Natural landscapes, antique stores, challenging hikes and some of the best bakeries you’ll ever find – from one end of the state to another, New York is crammed with outdoor adventure, art, great food and friendly people, despite what you’ve heard.
Check out any of these 10 New York locations next time you're planning a visit, and you won’t be disappointed.
Head to Hudson for artsy small-town charm
In Columbia County, about 45 minutes from the state capital of Albany, the quaint city of Hudson is filled with vintage storefronts and old-town charm. The strip along Warren Street is known for its line of boutique shops housed in historic buildings, each with a unique twist, such as Spotty Dog Books and Ales, a not-so-average bookstore with a full bar inside.
Peppered throughout the neighborhood are antique shops and a variety of cafes and coffee shops, like Supernatural Coffee + Bakery, home to the best lavender honey latte on the strip.
Outside of town, Hudson is full of some of the best hiking hidden gems in the Hudson Valley, including High Falls Conservation Area, a moderate 1.5-mile trail hike with some incline and rocky terrain, plus a stunning waterfall.
For accommodations, the Maker is an 11-room luxury boutique hotel with themed rooms designed to reflect Hudson area's creative population (think: artists and writers), decorated with antique pieces and bits of history throughout each space.
Bartlett House is known for flakey sweet pastries like twice-baked pistachio croissants, while the Amelia Hotel, about two blocks from Warren Street, is another fantastic option, with a heated outdoor pool, huge soaking tubs, a beautiful lounge and complimentary beverages and baked goods.
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Browse the sophisticated offerings in Beacon
Whether browsing boutique stores, artisanal cheese shops or one of many galleries and museums, Beacon is a city for those with a sophisticated palette. Located about 70 miles north of New York City, Beacon is easily reached by car or train – a 90-minute drive or a two-hour ride on the Metro-North Railroad.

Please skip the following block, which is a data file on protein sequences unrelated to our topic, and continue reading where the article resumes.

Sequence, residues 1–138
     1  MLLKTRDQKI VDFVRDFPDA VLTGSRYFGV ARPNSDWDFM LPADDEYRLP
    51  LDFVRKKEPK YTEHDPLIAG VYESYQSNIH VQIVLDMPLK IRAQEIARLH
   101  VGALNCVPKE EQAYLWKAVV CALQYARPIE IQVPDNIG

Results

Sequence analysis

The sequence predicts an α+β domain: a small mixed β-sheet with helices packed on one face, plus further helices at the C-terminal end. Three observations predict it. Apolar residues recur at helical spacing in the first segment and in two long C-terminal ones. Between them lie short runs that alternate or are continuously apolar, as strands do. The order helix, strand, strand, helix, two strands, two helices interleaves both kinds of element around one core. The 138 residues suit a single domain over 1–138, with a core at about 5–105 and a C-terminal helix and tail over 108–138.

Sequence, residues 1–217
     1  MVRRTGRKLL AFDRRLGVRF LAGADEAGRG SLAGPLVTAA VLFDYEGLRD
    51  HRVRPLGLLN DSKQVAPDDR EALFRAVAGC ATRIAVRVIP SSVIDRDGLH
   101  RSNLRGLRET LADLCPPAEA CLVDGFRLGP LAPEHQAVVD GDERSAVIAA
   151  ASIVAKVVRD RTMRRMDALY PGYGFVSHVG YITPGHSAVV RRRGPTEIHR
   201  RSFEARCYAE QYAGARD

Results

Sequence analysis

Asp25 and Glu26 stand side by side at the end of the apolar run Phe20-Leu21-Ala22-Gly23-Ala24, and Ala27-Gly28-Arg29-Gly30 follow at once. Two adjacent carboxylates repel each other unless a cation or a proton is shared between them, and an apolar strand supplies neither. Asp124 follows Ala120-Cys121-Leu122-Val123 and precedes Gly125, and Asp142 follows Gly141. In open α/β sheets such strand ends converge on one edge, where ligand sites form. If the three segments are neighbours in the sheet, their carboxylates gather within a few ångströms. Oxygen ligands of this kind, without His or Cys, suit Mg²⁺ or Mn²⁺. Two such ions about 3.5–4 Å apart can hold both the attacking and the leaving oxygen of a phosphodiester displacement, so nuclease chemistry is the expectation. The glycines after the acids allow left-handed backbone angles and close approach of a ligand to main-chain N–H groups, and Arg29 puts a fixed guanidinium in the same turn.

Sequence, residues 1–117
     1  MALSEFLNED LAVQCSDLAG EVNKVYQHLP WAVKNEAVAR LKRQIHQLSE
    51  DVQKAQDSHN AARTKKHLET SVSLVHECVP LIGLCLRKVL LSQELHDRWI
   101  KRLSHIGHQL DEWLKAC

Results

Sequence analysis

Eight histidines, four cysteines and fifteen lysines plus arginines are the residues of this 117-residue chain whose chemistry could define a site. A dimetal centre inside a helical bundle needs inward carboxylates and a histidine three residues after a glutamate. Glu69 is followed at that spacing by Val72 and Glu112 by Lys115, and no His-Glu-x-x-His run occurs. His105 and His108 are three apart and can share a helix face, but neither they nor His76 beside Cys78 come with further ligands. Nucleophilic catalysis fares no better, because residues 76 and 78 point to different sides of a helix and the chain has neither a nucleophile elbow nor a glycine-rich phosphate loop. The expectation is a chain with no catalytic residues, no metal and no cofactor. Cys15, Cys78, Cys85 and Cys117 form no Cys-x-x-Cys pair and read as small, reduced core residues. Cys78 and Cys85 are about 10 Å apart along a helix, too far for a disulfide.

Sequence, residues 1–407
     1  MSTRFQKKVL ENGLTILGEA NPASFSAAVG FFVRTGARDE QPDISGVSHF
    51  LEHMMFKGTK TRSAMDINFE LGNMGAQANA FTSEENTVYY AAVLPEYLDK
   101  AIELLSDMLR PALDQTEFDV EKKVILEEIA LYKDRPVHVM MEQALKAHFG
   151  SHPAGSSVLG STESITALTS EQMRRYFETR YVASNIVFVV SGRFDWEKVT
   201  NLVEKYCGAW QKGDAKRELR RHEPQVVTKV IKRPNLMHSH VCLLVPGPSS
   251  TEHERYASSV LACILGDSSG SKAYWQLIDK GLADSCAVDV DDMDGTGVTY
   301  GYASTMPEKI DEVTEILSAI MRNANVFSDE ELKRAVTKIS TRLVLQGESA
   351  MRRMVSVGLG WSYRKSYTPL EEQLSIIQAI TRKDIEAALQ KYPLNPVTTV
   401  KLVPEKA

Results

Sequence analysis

Splurge for the penthouse, like the bougie boss you are, at the Roundhouse, and relax in a round soaking tub overlooking Beacon Falls. The hotel restaurant is an excellent dinner option, thanks to seasonal dishes such as winter salad, braised short ribs, and nose-to-tail Berkshire pork ramen and drinks like spiced, mulled blackberry sangria, with French brandy, allspice dram, red wine, blackberry puree and apple cider.
For breakfast, a trip to Peaceful Provisions is an absolute must for some of the most delicious, not to mention aesthetically pleasing, donuts. Visit in late fall or early winter to get some serious holiday shopping done.
Get creative in the Catskills
The mountainous Catskills region is one of the most picturesque places to visit in New York, hands down. The entire area, from Woodstock to Hunter and beyond, is full of adventurous things to do, from challenging hikes with amazing vistas to horseback riding through the Northern Catskills to the longest zipline in North America, found at New York Zipline Adventures.
Dig into a cheesy bowl of French onion soup or munch on local fromage before browsing for antiques at Last Chance Antiques & Cheese Café, a mainstay in the village of Tannersville since 1971. Don’t forget to try some of their old-school candies.
With some truly special accommodations throughout the area, ranging from eclectic to group-friendly, there are plenty of properties to match your needs. If you’re traveling with a group of friends or family members, Glasco Woodstock is absolutely perfect. It sleeps 16 and has plenty of room in the house and on the grounds, plus its own jacuzzi.
Scribner's Catskill Lodge is the pick for a romantic overnight. There’s an incredible restaurant onsite called Prospect, serving an excellent ricotta toast drizzled with spicy honey. From Scribner’s, you’re right down the street from Hunter Mountain Brewery, where there's a selection of craft beer and an amazing lime-mint hard seltzer.
The Roxbury has quickly become one of the more popular hotels in the Catskills, thanks to incredibly ornate and over-the-top themed rooms that make for stunning Instagram captures. Guests have been known to dress up in costume to match the decor in one of the property's tower cottages, which feature motifs like Dracula's Fangs and the Faerie Forest.
Explore the gorges in Ithaca